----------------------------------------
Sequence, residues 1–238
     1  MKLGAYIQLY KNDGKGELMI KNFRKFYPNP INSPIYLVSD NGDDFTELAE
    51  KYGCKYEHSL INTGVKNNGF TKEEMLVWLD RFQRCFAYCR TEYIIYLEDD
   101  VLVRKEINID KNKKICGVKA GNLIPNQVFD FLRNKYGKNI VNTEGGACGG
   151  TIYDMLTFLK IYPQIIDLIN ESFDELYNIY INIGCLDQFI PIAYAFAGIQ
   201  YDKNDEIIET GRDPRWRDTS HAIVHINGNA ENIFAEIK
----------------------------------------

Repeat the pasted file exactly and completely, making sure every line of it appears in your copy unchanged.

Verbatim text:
Sequence, residues 1–238
     1  MKLGAYIQLY KNDGKGELMI KNFRKFYPNP INSPIYLVSD NGDDFTELAE
    51  KYGCKYEHSL INTGVKNNGF TKEEMLVWLD RFQRCFAYCR TEYIIYLEDD
   101  VLVRKEINID KNKKICGVKA GNLIPNQVFD FLRNKYGKNI VNTEGGACGG
   151  TIYDMLTFLK IYPQIIDLIN ESFDELYNIY INIGCLDQFI PIAYAFAGIQ
   201  YDKNDEIIET GRDPRWRDTS HAIVHINGNA ENIFAEIK